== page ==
20×4 LCD display tips — on an Arduino Nano

Using a blog for debugging notes so I can easily refer to it.

LCD displays are quite common for Arduino applications.  I have purchased a 20×4 white on blue backlit display.  Most LCD displays on Arduino are based on a Histachi HD44780U controller chip, and the displays themselves have a relatively standard 16 pin interface.  I am using a Chinese copy-cat Arduino Nano (ATMega 328), and it all works identical to the tutorial pinouts for a standard Arduino.

Things I have learned.

  • The LiquidCrystal library (built in to the default environment) will likely handle all interface needs.
  • Most examples use a pot between 5V and GND to provide a contrast control voltage, and a resistor from Bklt+ to 5V to fix the backlight.  Examples online vary on what these values should be.  Most say to use a 10K pot for the contrast — the datasheet suggests 50K to 100K, and heck, it will draw less power.  I found a 100K pot works just as well as a  with a 10K pot, and find the output voltage needs to be turned nearly all the way down to display the text.  0.7V output is barely visible, comfortable values are 0.4V to 0.3V (lower voltage is higher contrast).
  • I still had trouble controlling the display backlight.  The datasheet says to NOT connect directly to 5V (even though the Adafruit tutorial does so) — it may hurt the display, and it certainly may be a power hog! I connected another pot (22K, it is what I had) configured as a variable resistor, between Bklt+ and 5V.  This provided excellent control of the backlight — the readable settings varied from 1.7K (barely visible) to near 0K (very bright) for this resistor.  A downside of a white on blue display is the constant power to see the text — I think I would like a passive display with backlight next time.  This pot is extremely sensitive — I think a 2K-5K pot would be ideal in the future, or use a 10 turn pot if you have something larger.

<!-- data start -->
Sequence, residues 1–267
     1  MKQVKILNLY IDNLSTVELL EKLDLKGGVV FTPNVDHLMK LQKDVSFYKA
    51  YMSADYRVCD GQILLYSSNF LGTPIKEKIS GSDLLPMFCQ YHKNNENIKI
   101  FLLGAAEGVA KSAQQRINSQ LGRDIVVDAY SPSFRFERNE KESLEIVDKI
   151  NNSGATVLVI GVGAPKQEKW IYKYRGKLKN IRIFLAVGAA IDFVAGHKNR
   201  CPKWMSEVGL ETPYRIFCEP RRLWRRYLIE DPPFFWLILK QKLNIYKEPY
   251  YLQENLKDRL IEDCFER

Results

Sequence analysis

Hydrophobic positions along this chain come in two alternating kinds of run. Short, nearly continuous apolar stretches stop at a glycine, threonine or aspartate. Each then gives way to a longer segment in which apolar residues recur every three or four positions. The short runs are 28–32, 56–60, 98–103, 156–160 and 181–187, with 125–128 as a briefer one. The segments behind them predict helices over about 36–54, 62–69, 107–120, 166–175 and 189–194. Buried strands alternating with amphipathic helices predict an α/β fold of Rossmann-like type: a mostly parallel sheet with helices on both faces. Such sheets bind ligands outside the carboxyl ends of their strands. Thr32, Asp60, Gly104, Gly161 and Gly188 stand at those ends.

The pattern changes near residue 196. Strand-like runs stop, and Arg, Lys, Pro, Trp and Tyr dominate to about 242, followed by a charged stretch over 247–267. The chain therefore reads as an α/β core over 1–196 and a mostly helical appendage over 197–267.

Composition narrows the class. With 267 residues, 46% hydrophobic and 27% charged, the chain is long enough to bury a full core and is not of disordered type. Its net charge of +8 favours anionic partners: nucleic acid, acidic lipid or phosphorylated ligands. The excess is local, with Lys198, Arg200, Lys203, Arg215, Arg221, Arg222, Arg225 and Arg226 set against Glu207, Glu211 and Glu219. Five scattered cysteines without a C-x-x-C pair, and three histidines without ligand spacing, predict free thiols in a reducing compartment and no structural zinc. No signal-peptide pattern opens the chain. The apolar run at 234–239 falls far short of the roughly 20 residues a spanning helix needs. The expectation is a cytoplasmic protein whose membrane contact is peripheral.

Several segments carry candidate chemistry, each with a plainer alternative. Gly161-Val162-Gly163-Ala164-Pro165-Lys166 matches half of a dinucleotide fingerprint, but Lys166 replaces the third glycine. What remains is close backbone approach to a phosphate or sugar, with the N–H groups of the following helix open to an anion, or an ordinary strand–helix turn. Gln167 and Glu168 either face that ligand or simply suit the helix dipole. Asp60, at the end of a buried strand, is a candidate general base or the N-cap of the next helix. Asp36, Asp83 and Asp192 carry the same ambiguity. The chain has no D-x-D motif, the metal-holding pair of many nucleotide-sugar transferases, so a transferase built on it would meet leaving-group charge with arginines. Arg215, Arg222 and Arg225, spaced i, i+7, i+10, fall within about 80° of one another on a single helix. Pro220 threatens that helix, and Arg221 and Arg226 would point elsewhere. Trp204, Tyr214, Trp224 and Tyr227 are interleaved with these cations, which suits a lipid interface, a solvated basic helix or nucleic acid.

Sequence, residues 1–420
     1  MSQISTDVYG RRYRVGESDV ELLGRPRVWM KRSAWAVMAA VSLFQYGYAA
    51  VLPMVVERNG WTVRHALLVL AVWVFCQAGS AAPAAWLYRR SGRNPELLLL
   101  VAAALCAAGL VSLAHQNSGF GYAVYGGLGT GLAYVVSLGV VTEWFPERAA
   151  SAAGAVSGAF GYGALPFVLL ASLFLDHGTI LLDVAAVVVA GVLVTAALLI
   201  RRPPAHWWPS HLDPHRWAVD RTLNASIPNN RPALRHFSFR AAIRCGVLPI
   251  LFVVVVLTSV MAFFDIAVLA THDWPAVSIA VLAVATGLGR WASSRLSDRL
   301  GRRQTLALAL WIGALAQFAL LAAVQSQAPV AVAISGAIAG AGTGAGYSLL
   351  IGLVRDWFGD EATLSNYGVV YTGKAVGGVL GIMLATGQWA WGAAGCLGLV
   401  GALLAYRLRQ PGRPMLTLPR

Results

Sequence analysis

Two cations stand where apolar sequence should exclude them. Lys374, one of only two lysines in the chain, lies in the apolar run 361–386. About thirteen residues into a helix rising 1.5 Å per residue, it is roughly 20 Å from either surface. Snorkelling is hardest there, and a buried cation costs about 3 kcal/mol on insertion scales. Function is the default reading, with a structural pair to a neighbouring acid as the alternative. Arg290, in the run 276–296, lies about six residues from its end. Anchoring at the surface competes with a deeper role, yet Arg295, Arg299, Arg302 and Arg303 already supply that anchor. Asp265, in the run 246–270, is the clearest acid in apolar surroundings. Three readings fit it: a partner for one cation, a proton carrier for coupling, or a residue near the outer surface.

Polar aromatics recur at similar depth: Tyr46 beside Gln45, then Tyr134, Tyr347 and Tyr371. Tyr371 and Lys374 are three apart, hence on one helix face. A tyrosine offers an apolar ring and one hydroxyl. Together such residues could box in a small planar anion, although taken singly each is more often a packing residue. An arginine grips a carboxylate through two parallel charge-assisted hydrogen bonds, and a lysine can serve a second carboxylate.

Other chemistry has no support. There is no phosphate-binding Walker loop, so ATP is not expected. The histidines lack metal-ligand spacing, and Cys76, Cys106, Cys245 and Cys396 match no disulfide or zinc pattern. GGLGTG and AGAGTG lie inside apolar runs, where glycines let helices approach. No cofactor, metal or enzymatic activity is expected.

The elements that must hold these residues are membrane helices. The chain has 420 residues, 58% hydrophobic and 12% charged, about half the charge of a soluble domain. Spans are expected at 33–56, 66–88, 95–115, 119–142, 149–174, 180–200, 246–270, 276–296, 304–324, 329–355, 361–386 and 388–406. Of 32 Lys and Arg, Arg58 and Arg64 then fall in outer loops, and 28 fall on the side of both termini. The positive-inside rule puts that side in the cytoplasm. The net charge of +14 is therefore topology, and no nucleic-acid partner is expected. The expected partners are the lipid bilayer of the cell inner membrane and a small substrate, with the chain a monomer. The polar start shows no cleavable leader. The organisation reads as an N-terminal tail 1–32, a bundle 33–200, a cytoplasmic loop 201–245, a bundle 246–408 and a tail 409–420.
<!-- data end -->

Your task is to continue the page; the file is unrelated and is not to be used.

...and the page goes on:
• I measured power consumption to the breadboard with the LCD display as I varied backlight settings.  Super-crazy bright was 30 mA, while very readable and still quite bright was 4 mA.  What a huge difference in consumption!  A barely readable backlight was 2 mA of consumption. The contrast control has a minimal effect on power consumption.  This likely explains why the datasheet says not to connect to 5V — there is visibly little readable difference between 4 mA and 30 mA.
  • These displays require 4 or 8 data lines, as well as the serial (I2C) interface.  It is possible to purchase variants of this display with a “backpack” chip set (soldered onto pads that already exist on the PCB in the back) that make it a true I2C device, with no data lines required.  Other sites online have rolled their own using a 74595 shift register and a transistor.  I need to keep this in mind since this is my first learning step in a project that requires both an LCD display as well as an I2C controlled DDS chip, and pins will be used quickly.
  • I also do not know if the LiquidCrystal library is using the built-in Arduino I2C hardware or implementing the I2C/serial in software.  In a perfect world I’d like both the DDS chip and display running off the same I2C bus to save pins.  But I can tackle this on a future day.
  • This is one of many steps in building an antenna analyzer … stay tuned (pun intended!)

2015-08-23 12.21.06

This entry was posted in Uncategorized and tagged , . Bookmark the permalink.

Leave a Reply

Your email address will not be published. Required fields are marked *